With the deadline upon them and the score tied at 15, the commissioner declared the winner would be decided by the next goal. When Elvis scored that goal, some players on the losing team declared their dismay with the sudden death edict.
"I didn't know that was the end of the game," said Wendel. "I thought players were just coming off from their shift. That's just the way the ball bounces, I guess."
"We need a new commissioner," declared the Colonel.

Sunday's season opener was the first in five years to be played in dry conditions. The last time the season started on a dry court was 2003.

Posted by jaysuburb at 03:37 PM | Comments (12)

October 13, 2008

A scrappy way to win

With no spare player to spell off tired teammates, Scrappy and his team knew if they were to win Sunday's final preseason tuneup they'd have to build an early lead then hope their weary limbs could weather the inevitable late-game swoon. And Pig Farming Goalie would have to be in mid-season form.

They scored on all counts, carrying a 10-5 lead into the final period before scrapping out an unlikely 15-13 win.

Facing a neophyte netminder, Twizzler, called up by Nibs from the defunct afternoon game, the undermanned underdogs stormed the net right from the opening face-off, sending two players deep to pounce on rebounds and rattle the rookie rearguard while a defender conserved energy in the backcourt. Taking an early lead gave them confidence. Building it gave them a cushion.

"You know you're going to get more tired than they are, so we knew we had to pile on as many goals as we could, so when we got tired at least we had that bank of four or five goals," said a sweaty Scrappy after the game. "We knew we had to keep it down in their end as long as possible.'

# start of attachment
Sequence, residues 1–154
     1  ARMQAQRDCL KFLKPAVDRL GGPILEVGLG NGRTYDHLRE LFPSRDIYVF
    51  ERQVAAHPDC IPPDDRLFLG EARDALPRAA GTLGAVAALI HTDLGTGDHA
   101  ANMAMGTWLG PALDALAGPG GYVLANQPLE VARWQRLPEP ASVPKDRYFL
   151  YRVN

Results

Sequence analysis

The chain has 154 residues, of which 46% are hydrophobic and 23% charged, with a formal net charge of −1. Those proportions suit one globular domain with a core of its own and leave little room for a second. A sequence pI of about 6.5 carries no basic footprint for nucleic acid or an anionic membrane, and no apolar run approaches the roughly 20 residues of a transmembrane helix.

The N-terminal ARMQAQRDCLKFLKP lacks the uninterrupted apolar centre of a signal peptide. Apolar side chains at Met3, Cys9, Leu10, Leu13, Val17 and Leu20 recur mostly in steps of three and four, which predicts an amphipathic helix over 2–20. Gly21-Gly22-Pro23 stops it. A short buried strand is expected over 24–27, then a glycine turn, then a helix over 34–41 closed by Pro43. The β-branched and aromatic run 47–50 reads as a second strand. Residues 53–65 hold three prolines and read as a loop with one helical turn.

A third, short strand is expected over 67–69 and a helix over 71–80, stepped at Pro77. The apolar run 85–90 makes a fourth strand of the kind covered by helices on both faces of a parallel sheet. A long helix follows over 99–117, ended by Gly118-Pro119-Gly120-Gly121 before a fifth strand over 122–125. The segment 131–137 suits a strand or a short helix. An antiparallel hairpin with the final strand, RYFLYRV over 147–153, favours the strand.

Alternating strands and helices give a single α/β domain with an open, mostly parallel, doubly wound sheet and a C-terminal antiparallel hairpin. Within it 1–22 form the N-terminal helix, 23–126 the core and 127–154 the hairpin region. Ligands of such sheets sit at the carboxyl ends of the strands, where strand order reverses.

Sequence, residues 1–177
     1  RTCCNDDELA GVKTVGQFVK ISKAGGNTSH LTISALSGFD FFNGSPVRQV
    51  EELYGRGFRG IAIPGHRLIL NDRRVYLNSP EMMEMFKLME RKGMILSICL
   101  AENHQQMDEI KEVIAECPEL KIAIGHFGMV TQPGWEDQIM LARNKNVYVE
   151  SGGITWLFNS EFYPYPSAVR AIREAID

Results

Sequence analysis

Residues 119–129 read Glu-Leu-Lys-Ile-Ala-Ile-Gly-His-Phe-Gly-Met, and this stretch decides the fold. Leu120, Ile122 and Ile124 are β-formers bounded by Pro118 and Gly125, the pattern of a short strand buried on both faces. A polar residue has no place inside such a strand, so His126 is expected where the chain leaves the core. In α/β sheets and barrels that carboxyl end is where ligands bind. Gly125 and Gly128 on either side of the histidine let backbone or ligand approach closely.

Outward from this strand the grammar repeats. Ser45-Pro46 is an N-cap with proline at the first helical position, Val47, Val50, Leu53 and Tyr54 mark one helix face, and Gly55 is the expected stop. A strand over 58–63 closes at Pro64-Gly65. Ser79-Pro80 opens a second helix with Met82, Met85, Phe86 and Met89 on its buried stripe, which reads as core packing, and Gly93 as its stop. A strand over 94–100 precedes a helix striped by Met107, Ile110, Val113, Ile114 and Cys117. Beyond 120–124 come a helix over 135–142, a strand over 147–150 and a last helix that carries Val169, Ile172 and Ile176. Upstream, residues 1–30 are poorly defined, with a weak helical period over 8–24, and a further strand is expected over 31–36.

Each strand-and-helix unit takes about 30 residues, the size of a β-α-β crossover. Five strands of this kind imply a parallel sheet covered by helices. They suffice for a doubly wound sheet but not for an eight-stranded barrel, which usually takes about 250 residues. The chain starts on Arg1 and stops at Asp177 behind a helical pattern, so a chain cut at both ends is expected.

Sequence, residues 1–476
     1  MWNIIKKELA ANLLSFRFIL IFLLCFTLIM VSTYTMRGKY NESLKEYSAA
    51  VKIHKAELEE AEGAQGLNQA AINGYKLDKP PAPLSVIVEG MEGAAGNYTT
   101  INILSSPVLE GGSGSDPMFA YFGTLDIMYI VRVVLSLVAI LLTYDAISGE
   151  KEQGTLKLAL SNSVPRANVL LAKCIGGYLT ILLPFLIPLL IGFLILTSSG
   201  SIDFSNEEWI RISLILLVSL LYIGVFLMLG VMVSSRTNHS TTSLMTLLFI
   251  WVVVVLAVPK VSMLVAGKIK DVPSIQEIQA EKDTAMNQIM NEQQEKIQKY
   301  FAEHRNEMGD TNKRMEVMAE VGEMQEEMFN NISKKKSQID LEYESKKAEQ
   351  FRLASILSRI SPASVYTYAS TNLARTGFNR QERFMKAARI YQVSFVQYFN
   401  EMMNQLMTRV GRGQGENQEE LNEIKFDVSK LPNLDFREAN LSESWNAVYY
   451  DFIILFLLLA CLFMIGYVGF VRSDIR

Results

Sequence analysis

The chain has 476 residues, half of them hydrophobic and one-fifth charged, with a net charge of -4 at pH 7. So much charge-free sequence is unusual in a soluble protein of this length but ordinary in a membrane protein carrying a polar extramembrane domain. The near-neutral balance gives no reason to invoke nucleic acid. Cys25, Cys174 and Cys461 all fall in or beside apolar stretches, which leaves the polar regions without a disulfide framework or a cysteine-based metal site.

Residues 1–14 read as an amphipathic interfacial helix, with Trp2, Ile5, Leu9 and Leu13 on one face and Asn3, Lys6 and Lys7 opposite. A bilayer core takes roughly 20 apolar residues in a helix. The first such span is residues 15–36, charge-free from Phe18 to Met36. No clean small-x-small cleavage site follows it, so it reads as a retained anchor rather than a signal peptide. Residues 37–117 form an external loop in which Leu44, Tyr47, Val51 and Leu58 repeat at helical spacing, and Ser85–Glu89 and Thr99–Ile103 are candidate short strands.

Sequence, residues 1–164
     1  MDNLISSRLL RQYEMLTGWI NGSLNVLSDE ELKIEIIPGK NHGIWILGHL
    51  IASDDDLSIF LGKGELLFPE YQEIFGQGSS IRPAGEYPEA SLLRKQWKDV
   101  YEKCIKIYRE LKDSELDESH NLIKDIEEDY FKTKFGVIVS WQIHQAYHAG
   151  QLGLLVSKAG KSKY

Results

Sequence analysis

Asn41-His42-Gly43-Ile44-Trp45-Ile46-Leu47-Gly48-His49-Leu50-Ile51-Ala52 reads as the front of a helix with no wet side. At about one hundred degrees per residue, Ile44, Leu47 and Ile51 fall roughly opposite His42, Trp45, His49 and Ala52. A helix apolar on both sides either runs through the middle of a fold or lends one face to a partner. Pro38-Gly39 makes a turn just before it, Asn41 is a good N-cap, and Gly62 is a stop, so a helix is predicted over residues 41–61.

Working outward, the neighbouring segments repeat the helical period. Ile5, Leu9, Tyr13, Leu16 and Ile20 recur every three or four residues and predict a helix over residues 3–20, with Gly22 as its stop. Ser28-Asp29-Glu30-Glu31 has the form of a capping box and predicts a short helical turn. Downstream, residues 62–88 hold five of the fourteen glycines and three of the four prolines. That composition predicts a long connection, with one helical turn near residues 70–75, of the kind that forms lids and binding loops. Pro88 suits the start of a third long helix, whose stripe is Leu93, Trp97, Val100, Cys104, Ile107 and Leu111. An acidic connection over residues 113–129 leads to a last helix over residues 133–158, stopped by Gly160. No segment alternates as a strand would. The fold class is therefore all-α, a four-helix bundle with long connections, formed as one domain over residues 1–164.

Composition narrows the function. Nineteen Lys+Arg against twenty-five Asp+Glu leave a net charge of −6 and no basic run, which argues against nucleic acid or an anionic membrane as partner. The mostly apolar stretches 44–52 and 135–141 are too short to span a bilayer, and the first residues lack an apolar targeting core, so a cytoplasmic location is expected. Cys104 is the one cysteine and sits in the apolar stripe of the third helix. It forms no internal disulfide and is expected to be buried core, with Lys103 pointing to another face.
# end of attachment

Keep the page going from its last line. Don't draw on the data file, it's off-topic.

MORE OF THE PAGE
"It was good to build up that lead and give ourselves a little bit more insurance," said Billy Idol, who responded to his reprieve from backup goaltending duties by scoring eight goals. "Once we found our long shots and their goalie was letting out a lot of rebounds, we were able to capitalize."

Their rested opponents were shellshocked by the early barrage. But with the extra man on their side, Elvis said they were confident they could prevail.

"We had all the advantages going in, and maybe we just didn't take it seriously enough because we thought it was in the bag," said the veteran centerman. "The other team showed a lot of heart, they played hard, they checked hard."

And when exhaustion started to take its toll as defenders let their checks slip past, Pig Farming Goalie proved almost impenetrable.

"He was amazing back there," said Scrappy of his team's titanic netminder, who managed to steal away from his newfound fatherly duties to make a rare start. "We had so many two-on-ones and three-on-ones we gave up because we were slow, and he held the fort."